Decision Making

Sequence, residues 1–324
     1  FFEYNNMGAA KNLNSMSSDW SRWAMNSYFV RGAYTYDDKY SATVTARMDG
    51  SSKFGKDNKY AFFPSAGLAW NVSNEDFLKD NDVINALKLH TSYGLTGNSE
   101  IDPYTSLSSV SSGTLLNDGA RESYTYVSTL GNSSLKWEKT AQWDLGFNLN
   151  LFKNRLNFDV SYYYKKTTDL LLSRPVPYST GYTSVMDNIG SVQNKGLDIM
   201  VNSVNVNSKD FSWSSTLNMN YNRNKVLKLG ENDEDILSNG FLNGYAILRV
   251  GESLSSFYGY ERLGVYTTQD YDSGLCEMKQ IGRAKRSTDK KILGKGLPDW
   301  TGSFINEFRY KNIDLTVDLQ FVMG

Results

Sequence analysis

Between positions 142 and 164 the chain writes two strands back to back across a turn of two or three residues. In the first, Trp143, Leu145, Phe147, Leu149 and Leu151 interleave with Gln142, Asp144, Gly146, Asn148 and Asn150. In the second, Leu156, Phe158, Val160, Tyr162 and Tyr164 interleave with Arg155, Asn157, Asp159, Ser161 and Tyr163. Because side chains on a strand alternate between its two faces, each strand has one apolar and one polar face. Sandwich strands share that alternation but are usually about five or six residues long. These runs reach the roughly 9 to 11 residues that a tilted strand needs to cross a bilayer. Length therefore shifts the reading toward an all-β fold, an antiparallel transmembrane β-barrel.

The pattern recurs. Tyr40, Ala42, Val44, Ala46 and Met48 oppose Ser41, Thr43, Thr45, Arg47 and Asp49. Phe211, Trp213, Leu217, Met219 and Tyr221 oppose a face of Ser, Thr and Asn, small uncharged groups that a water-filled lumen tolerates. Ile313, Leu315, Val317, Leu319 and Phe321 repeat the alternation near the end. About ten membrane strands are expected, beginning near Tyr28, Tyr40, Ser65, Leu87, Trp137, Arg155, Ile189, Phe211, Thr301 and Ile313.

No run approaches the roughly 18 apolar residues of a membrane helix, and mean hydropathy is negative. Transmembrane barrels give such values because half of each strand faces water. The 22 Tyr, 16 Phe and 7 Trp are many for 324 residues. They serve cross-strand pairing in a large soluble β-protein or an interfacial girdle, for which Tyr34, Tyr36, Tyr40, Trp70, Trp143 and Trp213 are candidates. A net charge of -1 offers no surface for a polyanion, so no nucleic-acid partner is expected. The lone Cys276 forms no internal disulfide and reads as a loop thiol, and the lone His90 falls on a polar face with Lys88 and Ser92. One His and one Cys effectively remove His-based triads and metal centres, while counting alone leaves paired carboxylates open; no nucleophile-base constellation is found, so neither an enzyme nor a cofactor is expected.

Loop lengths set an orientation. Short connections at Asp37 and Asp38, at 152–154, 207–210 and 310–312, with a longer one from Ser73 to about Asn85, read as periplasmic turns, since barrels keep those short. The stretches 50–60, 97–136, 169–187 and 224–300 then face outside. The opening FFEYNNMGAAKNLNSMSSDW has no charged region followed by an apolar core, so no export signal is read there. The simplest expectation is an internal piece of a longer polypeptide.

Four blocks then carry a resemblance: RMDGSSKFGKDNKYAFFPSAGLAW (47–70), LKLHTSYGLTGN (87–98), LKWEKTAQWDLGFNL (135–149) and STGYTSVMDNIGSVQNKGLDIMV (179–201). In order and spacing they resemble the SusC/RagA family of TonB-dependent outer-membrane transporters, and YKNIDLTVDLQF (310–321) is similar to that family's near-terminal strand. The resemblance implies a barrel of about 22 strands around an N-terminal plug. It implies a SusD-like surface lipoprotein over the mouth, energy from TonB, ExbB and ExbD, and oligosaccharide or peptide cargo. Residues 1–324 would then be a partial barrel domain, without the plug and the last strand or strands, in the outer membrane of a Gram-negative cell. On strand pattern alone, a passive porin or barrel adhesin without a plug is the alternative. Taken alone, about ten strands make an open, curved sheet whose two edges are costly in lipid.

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The difficulty in life is the choice. Well what a curious statement for me to make when that seems to be the totalitarian objective that we as individuals seek throughout our childhood and well into our adult lives; “the freedom of choice”. Then why does that statement seem to ring so true and prevalent in our society today? A culture where teachers and professors are now moving into the roles of “facilitators” where students are encouraged to get to answers to fundamental questions through discussions and finally making their own decision; as opposed to the fundamental “do as told” style. Well I think that basically comes down to the fact that history has shown us that there are multiple ways to achieve an objective and the only limit is our imagination. We need to learn how to make good decisions. Good decision-making brings about a better life. It gives you some control over your life. In fact, many frustrations with oneself are caused by not being able to use one's own mind to understand the decision problem, and the courage to act upon it. A bad decision may force you to make another one, as Harry Truman said, "Whenever I make a bum decision, I go out and make another one." Just like the common truism, if the first button of one's coat is wrongly buttoned, all the rest will be crooked. Good decisions are not accidents but are the results of sincere effort, proper direction, appropriate execution, and lastly but none the less important, great intentions. A decision is a final product of a specific mental/cognitive process by an individual or group (Wikipedia, __). When decision making is too complex or the interests at stake are too important, quite often we do not know or are not sure what to decide. In many instances, we resort to informal decision support techniques such as tossing a coin, asking an oracle, or just picking the one. In order for us to examine the Management decision making styles we should first look at the correct decision making process we should follow on a personal level. The basic 5 steps in the decision making process per (Arsham, ): 1.Deciding what the goal is that we want to achieve? In order for us to accomplish this we must evaluate our values and decide what goal is line with those values whether as an entity or even an organization. Values then have to be ranked in order of ascending to descending numerical values for us to make a decision analytically as to determining the goal. 2.What actions or alternatives can we pursue? The more alternatives that you can find the larger your success rate in making a good decision will be. 3.Predicting the Outcome? Analyze each alternative and predict a likely outcome for it. 4.Choose Decide which outcome will most closely fit your goal. 5.Implement Sometimes this is the hardest step because unless you actually go forward with a plan of action for the alternative you have chosen you will not achieve your goal or see a project to fruition. This includes the prospect of not implant a proper plan of action because the person still is waffling in their decision on which alternative to choose. When you shift the decision making process in the arena of an organization the same basic concepts apply and the same underlying tensions are faced. On a daily basis a manager has to make many decisions. Some of these decisions are routine and inconsequential, while others have drastic impacts on the operations of the firm for which he/she works. Some of these decisions could involve large sums of money being gained or lost, or could involve whether or not the firm accomplishes its mission and its goals. In our increasingly complex world, the tasks of decision-makers are becoming more challenging with each passing day. The manager must respond quickly to events that seem to take place at an ever-increasing pace. In addition, a decision-maker must incorporate a sometimes-bewildering array of choices and consequences into his or her decision....
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